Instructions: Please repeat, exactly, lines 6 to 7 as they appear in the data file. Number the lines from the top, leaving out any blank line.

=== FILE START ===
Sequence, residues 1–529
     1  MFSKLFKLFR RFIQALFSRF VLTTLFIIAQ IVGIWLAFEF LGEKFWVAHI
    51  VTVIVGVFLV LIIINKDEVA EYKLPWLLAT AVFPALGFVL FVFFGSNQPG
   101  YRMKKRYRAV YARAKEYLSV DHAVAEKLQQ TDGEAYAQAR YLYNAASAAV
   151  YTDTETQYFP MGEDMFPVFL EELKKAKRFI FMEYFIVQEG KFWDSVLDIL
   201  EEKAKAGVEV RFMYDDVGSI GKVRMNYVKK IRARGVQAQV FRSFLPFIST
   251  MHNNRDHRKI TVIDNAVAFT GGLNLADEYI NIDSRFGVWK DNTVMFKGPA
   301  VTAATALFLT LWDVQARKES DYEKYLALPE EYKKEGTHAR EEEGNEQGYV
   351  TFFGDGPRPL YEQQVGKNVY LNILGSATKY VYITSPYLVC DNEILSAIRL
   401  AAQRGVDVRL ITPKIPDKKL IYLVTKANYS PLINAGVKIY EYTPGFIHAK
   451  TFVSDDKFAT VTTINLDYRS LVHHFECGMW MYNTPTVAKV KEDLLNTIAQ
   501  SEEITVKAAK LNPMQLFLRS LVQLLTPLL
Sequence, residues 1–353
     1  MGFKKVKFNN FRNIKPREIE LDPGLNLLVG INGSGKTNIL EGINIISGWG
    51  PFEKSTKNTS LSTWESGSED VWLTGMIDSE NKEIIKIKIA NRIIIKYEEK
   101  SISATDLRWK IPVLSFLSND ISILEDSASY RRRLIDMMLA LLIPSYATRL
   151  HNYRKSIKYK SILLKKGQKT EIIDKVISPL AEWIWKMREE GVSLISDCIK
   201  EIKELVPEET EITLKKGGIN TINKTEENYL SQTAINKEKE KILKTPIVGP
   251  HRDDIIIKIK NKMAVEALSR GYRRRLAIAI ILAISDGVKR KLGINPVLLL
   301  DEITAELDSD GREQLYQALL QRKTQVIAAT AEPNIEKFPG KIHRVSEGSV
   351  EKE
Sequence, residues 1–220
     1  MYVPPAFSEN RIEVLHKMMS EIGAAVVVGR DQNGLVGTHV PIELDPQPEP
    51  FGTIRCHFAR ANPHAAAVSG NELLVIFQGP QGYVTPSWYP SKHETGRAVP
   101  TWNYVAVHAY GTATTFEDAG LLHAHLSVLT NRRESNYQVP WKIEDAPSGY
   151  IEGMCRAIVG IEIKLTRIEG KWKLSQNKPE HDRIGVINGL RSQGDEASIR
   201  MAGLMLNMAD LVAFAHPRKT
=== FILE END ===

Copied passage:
   201  EEKAKAGVEV RFMYDDVGSI GKVRMNYVKK IRARGVQAQV FRSFLPFIST
   251  MHNNRDHRKI TVIDNAVAFT GGLNLADEYI NIDSRFGVWK DNTVMFKGPA